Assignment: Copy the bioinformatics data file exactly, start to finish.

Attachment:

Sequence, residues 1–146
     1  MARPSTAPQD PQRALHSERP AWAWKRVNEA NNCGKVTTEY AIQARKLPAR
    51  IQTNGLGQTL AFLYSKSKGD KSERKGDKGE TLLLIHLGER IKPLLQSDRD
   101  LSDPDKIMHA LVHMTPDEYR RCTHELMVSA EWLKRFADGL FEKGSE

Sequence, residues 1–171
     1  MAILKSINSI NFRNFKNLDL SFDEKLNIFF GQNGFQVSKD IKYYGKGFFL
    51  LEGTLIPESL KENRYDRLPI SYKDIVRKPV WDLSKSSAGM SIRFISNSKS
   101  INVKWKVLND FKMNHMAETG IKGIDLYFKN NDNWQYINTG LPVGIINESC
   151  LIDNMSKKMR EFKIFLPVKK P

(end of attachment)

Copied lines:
Sequence, residues 1–146
     1  MARPSTAPQD PQRALHSERP AWAWKRVNEA NNCGKVTTEY AIQARKLPAR
    51  IQTNGLGQTL AFLYSKSKGD KSERKGDKGE TLLLIHLGER IKPLLQSDRD
   101  LSDPDKIMHA LVHMTPDEYR RCTHELMVSA EWLKRFADGL FEKGSE

Sequence, residues 1–171
     1  MAILKSINSI NFRNFKNLDL SFDEKLNIFF GQNGFQVSKD IKYYGKGFFL
    51  LEGTLIPESL KENRYDRLPI SYKDIVRKPV WDLSKSSAGM SIRFISNSKS
   101  INVKWKVLND FKMNHMAETG IKGIDLYFKN NDNWQYINTG LPVGIINESC
   151  LIDNMSKKMR EFKIFLPVKK P